In just a few short days, one of the best days of the year will be upon us. Thanksgiving! It is hands down my favorite holiday of the year! I love it! I can’t wait to spend the day with my family, and fill my plate(s) with turkey and stuffing and sweet potatoes and turnips and cranberry sauce….just to name a few things.
Last year I celebrated Thanksgiving in a much different way. I didn’t partake in the typical Thanksgiving Day festivities. I was in the midst of traveling around the South Island of New Zealand. So, instead of cooking, watching football and eating obscene amounts of turkey and apple pie, I spent the day hiking up Franz Josef Glacier and later enjoying an amazing rack of lamb. I can’t believe it’s already been a year since my kiwi adventure!
I spent this past weekend testing out some new recipes for this year’s feast. It was quite productive, to say the least.
I can’t wait any longer, so before I started rambling on I have to tell you one thing. It’s about this pie. It’s AMAZING! This is quite possibly one of the best apple pies I’ve ever tasted. So, if there is just one thing you make this Thanksgiving, make this pie! You won’t be disappointed and your Thanksgiving guests will love you forever.
There’s one key component to pie that I think we should talk about – the crust. Before I started FCI, I think I made my own pie crust once. That one time was enough to let me know that when it came to pie crust, I was happy to purchase mine from the freezer section. I’m singing a different tune these days. Now, there’s no chance of me buying pie crust ever again.
Making pie crust isn’t nearly as terrible as you might think, and it’s totally worth the effort!
Here are a few key things I think are important when making pie dough:
* Use cold, cubed butter
* A pastry blender makes this job much easier
* Do not over work the dough
* Give you dough time to chill
* Use ice cold water, and use just a little bit at a time
* It’s always helpful to keep some extra flour on hand to use on your work surface
For this pie I used a great, basic go-to, buttery, flaky pie crust, from Smitten Kitchen, that makes enough for 1 double or 2 single pie crusts.
Near my neighborhood in Brooklyn is an amazing pie shop called Four and Twenty Blackbirds. Seriously, it’s awesome! They make some of the best pies. If you live nearby should should check it out. And if you don’t live nearby, you should make the trek to Brooklyn and check it out….it’s worth the trip. I’d give you a recommendation on what to order, but it’s all delicious…you can’t go wrong with anything you order. Anyway, I sampled the Salted Caramel Apple pie there a few weeks ago, and was determined to re-create it at home.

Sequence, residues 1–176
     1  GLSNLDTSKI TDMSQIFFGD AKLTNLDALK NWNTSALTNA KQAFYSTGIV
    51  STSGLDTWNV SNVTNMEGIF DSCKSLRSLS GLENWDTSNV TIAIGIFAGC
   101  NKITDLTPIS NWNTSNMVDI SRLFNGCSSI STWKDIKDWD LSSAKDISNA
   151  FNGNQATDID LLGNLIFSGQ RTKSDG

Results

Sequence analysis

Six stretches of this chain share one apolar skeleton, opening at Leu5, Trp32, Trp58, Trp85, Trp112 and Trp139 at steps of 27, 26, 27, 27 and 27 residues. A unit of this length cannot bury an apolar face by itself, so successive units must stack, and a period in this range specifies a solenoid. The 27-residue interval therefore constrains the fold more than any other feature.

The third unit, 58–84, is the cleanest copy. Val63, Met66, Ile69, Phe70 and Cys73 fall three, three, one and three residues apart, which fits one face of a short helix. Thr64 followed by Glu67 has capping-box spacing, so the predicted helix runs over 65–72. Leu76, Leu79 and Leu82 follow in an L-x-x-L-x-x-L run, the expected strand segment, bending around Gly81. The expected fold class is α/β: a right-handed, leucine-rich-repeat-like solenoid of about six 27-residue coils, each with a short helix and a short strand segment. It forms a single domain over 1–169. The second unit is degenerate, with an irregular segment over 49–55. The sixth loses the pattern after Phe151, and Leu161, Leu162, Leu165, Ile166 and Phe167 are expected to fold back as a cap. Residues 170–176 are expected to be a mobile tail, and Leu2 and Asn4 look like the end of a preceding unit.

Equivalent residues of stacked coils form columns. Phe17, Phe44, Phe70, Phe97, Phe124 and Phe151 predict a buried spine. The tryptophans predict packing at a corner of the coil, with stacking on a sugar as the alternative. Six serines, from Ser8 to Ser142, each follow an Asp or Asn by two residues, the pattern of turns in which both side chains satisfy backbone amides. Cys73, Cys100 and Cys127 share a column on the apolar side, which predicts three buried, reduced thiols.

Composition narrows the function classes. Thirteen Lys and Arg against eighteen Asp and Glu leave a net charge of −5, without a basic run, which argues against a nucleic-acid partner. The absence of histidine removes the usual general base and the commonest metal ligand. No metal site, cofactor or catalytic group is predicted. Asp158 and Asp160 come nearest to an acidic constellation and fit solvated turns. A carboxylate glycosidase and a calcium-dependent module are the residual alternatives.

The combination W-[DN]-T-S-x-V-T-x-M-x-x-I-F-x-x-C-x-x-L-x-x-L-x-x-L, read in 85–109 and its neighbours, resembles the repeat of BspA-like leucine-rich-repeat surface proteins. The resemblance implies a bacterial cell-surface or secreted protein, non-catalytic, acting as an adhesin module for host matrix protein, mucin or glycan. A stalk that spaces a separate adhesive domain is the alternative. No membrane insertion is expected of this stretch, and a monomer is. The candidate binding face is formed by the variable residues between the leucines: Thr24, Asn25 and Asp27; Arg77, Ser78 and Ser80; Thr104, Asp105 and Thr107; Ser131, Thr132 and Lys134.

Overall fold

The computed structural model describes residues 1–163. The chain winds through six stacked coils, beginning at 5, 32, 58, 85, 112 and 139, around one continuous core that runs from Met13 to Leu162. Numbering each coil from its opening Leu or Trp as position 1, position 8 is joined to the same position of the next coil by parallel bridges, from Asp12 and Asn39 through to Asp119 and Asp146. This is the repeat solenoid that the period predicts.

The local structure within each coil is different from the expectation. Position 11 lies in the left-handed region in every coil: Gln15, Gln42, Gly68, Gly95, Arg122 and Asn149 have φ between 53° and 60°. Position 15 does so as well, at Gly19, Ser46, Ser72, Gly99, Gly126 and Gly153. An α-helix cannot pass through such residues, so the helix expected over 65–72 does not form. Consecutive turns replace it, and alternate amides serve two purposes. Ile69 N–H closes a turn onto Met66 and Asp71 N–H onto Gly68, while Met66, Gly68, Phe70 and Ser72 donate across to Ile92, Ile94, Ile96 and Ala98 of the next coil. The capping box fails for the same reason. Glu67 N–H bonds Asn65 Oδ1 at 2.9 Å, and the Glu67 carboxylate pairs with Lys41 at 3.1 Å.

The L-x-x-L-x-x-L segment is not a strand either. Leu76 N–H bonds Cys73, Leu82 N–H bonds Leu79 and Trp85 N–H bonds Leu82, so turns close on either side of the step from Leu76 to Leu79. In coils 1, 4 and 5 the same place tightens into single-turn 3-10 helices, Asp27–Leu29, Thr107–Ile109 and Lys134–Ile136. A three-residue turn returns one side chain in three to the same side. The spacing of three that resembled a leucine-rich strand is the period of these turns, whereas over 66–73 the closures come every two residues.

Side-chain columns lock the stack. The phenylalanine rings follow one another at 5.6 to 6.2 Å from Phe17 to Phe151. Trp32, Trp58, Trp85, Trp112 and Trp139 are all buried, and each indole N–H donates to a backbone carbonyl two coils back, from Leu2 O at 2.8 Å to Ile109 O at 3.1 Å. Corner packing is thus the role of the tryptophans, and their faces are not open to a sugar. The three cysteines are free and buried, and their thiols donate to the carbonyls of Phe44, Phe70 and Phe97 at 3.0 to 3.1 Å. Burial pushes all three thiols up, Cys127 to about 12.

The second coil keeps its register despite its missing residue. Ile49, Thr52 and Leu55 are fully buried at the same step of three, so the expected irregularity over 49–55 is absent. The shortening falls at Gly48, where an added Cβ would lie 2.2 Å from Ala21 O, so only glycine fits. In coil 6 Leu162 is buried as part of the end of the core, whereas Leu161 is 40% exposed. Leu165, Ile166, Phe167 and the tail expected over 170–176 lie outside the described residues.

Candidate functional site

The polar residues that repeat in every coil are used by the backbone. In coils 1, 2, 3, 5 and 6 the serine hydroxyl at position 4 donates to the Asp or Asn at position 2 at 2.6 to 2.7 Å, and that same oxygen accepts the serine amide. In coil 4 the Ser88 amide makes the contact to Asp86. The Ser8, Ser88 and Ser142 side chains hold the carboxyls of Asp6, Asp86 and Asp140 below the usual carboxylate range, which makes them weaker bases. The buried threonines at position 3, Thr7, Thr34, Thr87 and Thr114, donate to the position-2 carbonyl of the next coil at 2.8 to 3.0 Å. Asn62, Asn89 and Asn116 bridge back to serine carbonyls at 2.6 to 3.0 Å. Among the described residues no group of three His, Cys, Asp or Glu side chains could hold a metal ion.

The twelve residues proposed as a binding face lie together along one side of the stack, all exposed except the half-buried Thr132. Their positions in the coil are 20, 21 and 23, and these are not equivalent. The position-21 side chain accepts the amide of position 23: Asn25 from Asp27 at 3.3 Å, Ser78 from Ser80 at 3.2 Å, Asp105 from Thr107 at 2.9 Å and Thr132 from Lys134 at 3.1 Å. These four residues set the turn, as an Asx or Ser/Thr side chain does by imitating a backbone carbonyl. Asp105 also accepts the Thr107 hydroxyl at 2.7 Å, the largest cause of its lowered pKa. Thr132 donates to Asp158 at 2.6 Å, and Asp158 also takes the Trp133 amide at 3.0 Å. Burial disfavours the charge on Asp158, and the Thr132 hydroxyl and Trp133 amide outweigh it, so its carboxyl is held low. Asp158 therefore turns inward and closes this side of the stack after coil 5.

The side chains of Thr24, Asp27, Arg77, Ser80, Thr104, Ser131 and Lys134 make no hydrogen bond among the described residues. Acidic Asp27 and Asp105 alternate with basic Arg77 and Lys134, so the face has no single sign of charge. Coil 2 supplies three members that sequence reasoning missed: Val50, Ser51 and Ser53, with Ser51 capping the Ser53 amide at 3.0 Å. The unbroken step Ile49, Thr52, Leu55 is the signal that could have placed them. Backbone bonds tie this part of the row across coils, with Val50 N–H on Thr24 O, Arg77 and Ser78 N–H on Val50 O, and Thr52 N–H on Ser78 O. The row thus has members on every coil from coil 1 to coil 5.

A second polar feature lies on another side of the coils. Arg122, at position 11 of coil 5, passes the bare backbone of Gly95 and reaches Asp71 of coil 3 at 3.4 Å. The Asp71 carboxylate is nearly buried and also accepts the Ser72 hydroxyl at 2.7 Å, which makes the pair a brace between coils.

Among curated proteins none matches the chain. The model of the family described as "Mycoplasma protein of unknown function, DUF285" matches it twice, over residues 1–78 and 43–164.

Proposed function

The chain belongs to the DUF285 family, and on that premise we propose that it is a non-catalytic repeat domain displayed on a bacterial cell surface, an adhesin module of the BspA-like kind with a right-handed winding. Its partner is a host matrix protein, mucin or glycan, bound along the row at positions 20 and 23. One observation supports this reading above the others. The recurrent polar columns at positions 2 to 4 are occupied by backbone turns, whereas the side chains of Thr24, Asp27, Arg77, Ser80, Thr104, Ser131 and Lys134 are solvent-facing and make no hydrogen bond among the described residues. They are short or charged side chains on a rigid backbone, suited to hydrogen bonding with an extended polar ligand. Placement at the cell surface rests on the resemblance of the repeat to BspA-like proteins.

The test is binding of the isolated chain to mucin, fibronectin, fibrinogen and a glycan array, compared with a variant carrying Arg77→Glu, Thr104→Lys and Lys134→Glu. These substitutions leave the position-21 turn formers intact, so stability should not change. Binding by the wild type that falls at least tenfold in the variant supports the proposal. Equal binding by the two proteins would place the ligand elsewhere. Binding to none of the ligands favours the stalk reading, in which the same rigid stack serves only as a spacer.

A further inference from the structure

Cook the sugar and water together over low heat, until just dissolved. Add the butter and bring to a slow boil. Continue cooking at a low boil until the mixture turns a deep, golden brown color, almost copper (this will take a while). Once the mixture has turned a copper color, remove from the heat immediately and add the heavy cream. The mixture will bubble rapidly and steam. Whisk the mixture together well over low heat, and sprinkle in the sea salt.
To make the apple filling:
While the sugar mixture is boiling, begin to work on the apple filling. Juice the lemons into a large bowl. Peel, core and very thinly slice the apples. Coat the sliced apples in the lemon juice - this will prevent the apples from browning and will add flavor. Set aside.
In a small bowl, combine the sugar, flour, cinnamon, allspice and nutmeg, and mix together. Sprinkle this mixture over the apples, and use your hands to gently mix and coat the apple slices.
Roll your pie crusts, cut your lattice and fit the bottom crust to the pie dish. Layer 1/3 of the apples in the bottom on the crust, and move to adjust so that there are minimal gaps. Pour 1/3 of the caramel mixture of the apples. Add 1/3 of the apples and another 1/3 of the caramel for the second layer, then add the third layer of apples and all but a small bit of the remaining caramel. Note: save a small portion of the caramel to pour on top of the lattice once it's assembled.
Patiently assemble the lattice crust on top and flute the edges of the crust. Pour the last bit of caramel on top. Brush the crust with beaten egg and lightly sprinkle with granulated (or turbinado) sugar and sea salt.
Place pie on a baking sheet (the caramel will bubble over during baking). Bake 20 minutes at 400 degrees F. Reduce the temperature to 350 degrees F and make 35-40 minutes, or until the top of the pie is golden brown and apples are soft.